Finding maturity in gin
By Ian Wisniewski
Botanicals deliver on so many levels, with juniper and coriander providing their own distinctive flavours, while others such as cardamom and nutmeg add spice, sweetness or dryness, which enhance their colleagues (without necessarily revealing themselves). But, for all their versatility and ability to interact, the botanicals can’t extend the character of a gin in the manner that ageing can.
Deciding to age a gin entails a vital question: the desired balance between the character of the gin and the influence of the cask on that character. Achieving this balance depends on a number of contributory factors. An initial consideration is that lighter, more elegant styles of gin are influenced more immediately and extensively by the cask, compared to a fuller-bodied gin. Meanwhile, the range of characteristics a cask contributes and the rate at which this happens, depends on each cask’s individual credentials, with numerous types of cask to choose from.
Virgin (i.e. unused) casks have a more intense impact than ‘seasoned’ casks, which have previously been used to age either beer, wine, fortified wine or spirits. Each ‘seasoned’ option offers a particular range of flavours, depending on the nature of the previous occupant, such as sherry and, more specifically, the style of sherry.
However, as many distillers have only recently begun to age their gin, the exact influence of a particular cask type remains unconfirmed, until actually trialled.
“Not knowing exactly what a cask is going to deliver is quite a romantic notion,” says Angus Lugsdin, founder, Salcombe Gin. “We partnered with one of the world’s greatest sherry producers, Bodegas Tradición and I thought their Fino or Amontillado sherry casks would work well. So I began by mixing a few drops with Salcombe Gin. This may sound a simplistic approach, but it gave me an idea and Fino worked very well, adding a moreish and slightly saline finish. We describe the finished product as Salcombe Gin that has been kissed by the sea.”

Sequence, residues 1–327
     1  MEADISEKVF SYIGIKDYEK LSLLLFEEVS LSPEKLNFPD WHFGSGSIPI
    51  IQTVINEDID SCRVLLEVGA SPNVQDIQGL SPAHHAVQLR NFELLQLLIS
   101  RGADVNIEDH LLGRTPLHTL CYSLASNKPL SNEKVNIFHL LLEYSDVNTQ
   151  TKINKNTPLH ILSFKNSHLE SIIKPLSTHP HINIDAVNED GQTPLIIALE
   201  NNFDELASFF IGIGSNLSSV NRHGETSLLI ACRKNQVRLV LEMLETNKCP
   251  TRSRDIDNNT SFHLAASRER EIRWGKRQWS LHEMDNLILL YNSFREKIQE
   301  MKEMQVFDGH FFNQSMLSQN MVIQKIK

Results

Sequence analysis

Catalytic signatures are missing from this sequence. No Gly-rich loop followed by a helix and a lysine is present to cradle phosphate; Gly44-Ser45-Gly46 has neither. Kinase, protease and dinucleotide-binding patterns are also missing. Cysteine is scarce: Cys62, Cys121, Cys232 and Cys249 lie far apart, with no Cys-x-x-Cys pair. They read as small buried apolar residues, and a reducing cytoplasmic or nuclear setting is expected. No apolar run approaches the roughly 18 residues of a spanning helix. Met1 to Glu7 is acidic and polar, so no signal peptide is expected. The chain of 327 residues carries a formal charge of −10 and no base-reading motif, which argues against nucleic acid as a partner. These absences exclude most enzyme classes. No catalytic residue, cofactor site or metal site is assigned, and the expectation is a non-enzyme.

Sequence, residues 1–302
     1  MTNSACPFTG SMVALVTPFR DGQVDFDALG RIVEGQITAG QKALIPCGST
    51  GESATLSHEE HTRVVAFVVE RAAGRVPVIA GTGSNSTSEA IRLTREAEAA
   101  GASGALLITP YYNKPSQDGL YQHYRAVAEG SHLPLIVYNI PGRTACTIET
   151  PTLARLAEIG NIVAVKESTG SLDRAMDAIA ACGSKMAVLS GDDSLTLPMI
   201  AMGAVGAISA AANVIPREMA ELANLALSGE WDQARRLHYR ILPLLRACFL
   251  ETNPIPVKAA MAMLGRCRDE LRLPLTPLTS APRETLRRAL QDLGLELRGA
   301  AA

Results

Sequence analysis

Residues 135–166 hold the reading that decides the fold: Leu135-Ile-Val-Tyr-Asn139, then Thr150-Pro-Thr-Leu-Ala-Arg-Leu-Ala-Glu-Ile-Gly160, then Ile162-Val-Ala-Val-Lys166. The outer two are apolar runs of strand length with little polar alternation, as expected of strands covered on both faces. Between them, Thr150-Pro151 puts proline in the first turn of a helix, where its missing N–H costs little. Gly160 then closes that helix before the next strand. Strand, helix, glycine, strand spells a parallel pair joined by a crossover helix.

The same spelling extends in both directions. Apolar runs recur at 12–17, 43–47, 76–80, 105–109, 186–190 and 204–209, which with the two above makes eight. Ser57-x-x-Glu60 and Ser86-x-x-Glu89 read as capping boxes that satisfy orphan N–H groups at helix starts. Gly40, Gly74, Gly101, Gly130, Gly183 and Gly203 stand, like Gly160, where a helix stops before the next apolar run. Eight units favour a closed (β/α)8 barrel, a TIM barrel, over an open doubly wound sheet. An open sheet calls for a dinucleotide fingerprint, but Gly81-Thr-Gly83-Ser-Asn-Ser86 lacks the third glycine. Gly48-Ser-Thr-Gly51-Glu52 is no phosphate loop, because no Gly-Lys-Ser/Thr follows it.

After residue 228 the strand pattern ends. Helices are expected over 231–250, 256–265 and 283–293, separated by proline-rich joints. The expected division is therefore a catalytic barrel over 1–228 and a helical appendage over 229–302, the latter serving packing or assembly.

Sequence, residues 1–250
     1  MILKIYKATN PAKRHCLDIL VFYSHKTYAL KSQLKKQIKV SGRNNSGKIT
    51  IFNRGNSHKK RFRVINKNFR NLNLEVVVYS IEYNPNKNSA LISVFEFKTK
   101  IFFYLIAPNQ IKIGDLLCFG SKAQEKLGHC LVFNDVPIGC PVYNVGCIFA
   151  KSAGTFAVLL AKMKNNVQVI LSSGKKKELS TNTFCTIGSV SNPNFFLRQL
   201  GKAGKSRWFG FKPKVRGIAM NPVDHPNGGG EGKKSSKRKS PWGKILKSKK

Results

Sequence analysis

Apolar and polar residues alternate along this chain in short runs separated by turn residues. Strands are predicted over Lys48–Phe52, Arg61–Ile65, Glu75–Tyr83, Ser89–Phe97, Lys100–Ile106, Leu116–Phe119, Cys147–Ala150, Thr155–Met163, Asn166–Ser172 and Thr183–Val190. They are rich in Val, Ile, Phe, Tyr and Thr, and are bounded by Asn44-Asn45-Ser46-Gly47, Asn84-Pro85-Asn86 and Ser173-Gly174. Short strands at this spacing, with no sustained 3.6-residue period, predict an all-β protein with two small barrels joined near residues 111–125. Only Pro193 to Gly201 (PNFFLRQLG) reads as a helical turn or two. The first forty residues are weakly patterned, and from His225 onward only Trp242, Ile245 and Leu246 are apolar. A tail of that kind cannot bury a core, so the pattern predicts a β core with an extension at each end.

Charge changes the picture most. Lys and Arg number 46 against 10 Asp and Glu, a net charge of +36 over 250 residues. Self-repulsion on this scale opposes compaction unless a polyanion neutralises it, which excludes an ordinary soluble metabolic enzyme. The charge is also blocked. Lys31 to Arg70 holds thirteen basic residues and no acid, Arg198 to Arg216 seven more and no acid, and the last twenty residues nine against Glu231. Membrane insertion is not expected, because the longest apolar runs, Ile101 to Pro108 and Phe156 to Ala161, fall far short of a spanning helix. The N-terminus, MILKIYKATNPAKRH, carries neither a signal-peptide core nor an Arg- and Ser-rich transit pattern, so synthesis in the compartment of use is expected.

Choosing a specific cask type can also stem from the recipe of botanicals.
“I’d been wondering what type of cask to use for Burrough’s Reserve, and was attracted to Lillet Reserve as this has Seville orange notes, as does Beefeater, so the cask selection was a case of picking out a botanical in order to enhance it,” says Desmond Payne, master distiller, Beefeater.
Not knowing exactly what a cask is going to deliver is quite a romantic notion
Meanwhile, The Cotswolds Distillery gained significant insights into the influence of a particular cask type, after using it to age whisky.
“Our 1616 Gin is aged in American Oak wine barriques which have been shaved, toasted and re-charred. We call this the magic barrel, as it gives us the best of a newly charred oak cask, which provides vanilla notes for example, together with some influence from the wine absorbed by the staves. These are various red wines from countries such as Spain and Portugal,” says Dan Szor, founder, The Cotswolds Distillery.